Operating a fishy business
September 30, 2011 · Print This Article
By Lauren Jones
Operating on a fish is tricky business; you can’t just lay them on a sterile table and open them up as you would with conventional surgery.
But it’s all in a day’s work for Melbourne aquarium vet Dr Robert Jones, 55, who has been treating sick fish for more then 30 years. He says usually fish are treated with injections and food based medicines, but in extreme case, require operations.
The operating table doesn’t look much like a typical table, there’s no flat steel surface for one. In truth the “table” looks more like a child’s science project.
The most important part of the contraption is a plastic tub, similar to those you buy to store all the junk around your house, filled with water. Three rods pierce the container to make a platform for the fish to lie on during the surgery and a long tube is connected to a submerged pump in the tub.
“It’s really an anesthetic machine, you put a anesthetic agent in the water and it’s pumped from the container to the fishes mouth, out through the gills and back into the tank,” Dr Jones said.
Dr Jones said people don’t realise fish can undergo very similar treatment to other animals. He said it’s not just expensive or large fish being treated, recalling owners who have forked out as much as $400 to save a $5 goldfish.
Dr Jones has performed x-rays, biopsies, lump removals, eye removals, and treatments for infection and buoyancy issues on fish. In one extreme case he even helped perform plastic surgery on a fish giving it a prosthetic eye.
Before working at Melbourne Aquarium Dr Jones worked at Dandenong Veterinary Hospital, he laughed when recalling one strange case involving a gold fish and a cork.
The goldfish had a swim bladder problem, the biggest issue for common goldfish especially the big odd shaped fish. Swim bladders, Dr Jones explained, are gas filled sacks in the dorsal area of a fish that keep it swimming normally.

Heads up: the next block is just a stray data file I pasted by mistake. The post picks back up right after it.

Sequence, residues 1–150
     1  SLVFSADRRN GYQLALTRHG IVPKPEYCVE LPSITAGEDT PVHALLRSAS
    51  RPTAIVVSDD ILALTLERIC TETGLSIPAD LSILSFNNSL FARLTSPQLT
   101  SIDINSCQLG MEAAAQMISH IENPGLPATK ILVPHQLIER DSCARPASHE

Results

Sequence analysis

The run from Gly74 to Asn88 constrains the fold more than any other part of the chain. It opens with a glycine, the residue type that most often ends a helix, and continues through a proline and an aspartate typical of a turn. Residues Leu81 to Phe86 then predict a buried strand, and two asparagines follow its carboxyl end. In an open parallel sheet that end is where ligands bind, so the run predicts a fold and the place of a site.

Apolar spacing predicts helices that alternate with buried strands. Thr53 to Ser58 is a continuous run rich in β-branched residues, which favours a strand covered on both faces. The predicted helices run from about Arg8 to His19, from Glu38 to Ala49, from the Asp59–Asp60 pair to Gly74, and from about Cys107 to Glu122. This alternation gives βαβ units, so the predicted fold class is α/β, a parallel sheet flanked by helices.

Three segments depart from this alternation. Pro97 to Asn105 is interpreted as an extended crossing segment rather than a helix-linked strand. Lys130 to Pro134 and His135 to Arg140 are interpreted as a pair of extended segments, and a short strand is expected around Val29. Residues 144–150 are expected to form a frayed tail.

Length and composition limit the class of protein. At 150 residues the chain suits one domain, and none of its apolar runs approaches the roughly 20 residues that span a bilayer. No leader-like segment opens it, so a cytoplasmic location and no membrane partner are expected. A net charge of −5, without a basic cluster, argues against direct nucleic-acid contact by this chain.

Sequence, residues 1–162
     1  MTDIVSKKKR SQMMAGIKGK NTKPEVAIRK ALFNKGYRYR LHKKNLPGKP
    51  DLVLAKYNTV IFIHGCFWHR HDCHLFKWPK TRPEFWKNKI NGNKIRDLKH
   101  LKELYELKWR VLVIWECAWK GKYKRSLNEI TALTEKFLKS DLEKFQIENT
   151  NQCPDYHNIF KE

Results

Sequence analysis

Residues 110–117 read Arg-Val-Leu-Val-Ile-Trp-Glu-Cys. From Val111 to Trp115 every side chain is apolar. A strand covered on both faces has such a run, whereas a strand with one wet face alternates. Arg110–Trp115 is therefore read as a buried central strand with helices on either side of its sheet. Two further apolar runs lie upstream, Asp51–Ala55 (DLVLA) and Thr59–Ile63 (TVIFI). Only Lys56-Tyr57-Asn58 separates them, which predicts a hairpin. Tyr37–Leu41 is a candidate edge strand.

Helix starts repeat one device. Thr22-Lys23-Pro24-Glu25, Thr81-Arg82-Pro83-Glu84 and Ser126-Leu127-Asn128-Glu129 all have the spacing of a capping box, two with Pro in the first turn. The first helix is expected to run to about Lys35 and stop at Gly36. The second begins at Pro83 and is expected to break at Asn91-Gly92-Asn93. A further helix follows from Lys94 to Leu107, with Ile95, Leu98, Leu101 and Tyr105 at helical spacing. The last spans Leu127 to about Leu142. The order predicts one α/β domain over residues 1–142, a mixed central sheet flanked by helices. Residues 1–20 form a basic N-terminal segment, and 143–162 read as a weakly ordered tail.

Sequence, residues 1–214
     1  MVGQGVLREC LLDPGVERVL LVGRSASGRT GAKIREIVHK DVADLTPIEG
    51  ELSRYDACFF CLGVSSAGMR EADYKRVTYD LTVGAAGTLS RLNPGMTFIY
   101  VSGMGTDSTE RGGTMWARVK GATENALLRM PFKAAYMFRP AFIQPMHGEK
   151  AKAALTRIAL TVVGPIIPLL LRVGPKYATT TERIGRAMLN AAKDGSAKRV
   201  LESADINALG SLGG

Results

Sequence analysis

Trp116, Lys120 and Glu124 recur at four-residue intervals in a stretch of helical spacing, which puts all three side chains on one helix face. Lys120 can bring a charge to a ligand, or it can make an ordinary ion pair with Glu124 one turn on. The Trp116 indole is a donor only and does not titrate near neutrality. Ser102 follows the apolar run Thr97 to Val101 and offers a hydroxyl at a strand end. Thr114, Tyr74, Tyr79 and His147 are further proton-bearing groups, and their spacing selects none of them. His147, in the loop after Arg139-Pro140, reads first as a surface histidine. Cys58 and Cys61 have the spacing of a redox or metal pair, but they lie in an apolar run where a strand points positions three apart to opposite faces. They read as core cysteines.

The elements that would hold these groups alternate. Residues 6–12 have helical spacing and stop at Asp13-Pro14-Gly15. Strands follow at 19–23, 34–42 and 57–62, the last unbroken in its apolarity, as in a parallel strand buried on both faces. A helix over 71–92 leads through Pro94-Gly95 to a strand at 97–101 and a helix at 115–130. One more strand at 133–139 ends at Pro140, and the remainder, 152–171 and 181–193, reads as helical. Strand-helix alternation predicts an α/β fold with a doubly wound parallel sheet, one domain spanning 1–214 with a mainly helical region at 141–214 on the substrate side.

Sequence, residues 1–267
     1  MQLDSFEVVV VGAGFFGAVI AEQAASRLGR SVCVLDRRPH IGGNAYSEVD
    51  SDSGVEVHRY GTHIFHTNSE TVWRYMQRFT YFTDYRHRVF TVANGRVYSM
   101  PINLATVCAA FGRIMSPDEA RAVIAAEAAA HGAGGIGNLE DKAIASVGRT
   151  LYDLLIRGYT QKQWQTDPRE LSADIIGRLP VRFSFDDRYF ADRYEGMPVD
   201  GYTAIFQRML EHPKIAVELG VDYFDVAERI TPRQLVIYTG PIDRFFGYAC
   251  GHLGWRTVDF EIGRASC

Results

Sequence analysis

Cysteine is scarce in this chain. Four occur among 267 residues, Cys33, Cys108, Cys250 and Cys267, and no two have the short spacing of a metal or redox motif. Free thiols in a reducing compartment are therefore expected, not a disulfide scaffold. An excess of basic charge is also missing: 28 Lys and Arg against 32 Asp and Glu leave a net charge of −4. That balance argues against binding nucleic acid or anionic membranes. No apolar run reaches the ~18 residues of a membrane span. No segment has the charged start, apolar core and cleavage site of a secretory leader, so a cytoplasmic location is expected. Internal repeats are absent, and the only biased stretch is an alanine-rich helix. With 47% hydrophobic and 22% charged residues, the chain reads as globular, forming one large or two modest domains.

If you’ve owned a goldfish chances are you’ve seen little Goldy suddenly either sink to the bottom of the tank or rise to the top as if filled with helium. That’s a fish with a swim bladder problem.
Dr Jones said normally it’s just a case of taking the air out of the fish’s swim bladder with a needle but this doesn’t always work.
“For this particular fish I actually made like a buoyancy vest for it, I literally got some soft silicone air tubing and crisscrossed it around the fish and up to a cork. It worked well for about three months but then there were some issues like chafing and the owner decided she didn’t want to continue,” Dr Jones said.
Contemplating his future Dr Jones said he’s more concerned now with the big picture rather then individual fish. He is especially interested in working with Grey Nurse Sharks.
Excitement flooded Dr Jones face and his speech became faster as the conversation turned to his passion, sharks.
“Grey Nurse Sharks are great for display because they have this lovely set of teeth and they swim around with their mouths half open showing all their teeth.”
In the 1950s and 1960s, the misconception that Grey Nurse Sharks were man-eaters led to intensive fishing efforts by spearfishers and in 2001 Grey Nurse Sharks became critically endangered.
Dr Jones is now involved in cutting edge research into shark artificial insemination in an attempt to boost numbers. In 2005 his team was the first in the world to perform artificial insemination on a shark.
“We send divers out into the Oceanarium (largest tank at Melbourne Aquarium) they herd the shark into a shark bag being held open by other divers and they lure the shark into the Loch (an area with waist height water),” Dr Jones explained.
The shark bag looks like a large triangular cake icing bag. Imagine where the icing would normally squeeze from, this is where the sharks head goes. Along one of the edges, where you’d put the icing into the bag, there is a large Velcro seal to close the shark off from the divers.
While a Velcro seal wouldn’t tempt most people into a shallow pool with a shark Dr Jones assures there is really not a high level of danger,
“Grey Nurse Sharks are extremely placid and once a shark is rolled onto its back it goes into a catatonic state and we can do what we need to do,” he said.
Dr Jones also came up with a concept in 2001, later adopted by marine scientists in NSW, where shark fetus (pups) are removed from the Grey Nurse’s womb and grown in artificial wombs.
“Female Grey Nurse Sharks produce about 10 pups in their womb but once the pups develop teeth they attack and kill each other so only two sharks are born, one in each side of the uterus. In the wild this ensures only healthy sharks survive,” Dr Jones said.
This operation is to get as many sharks as possible from each pregnancy rather then just one.
While pups have yet to be born using these methods Dr Jones remains hopeful his work will assist breeding of the endangered species.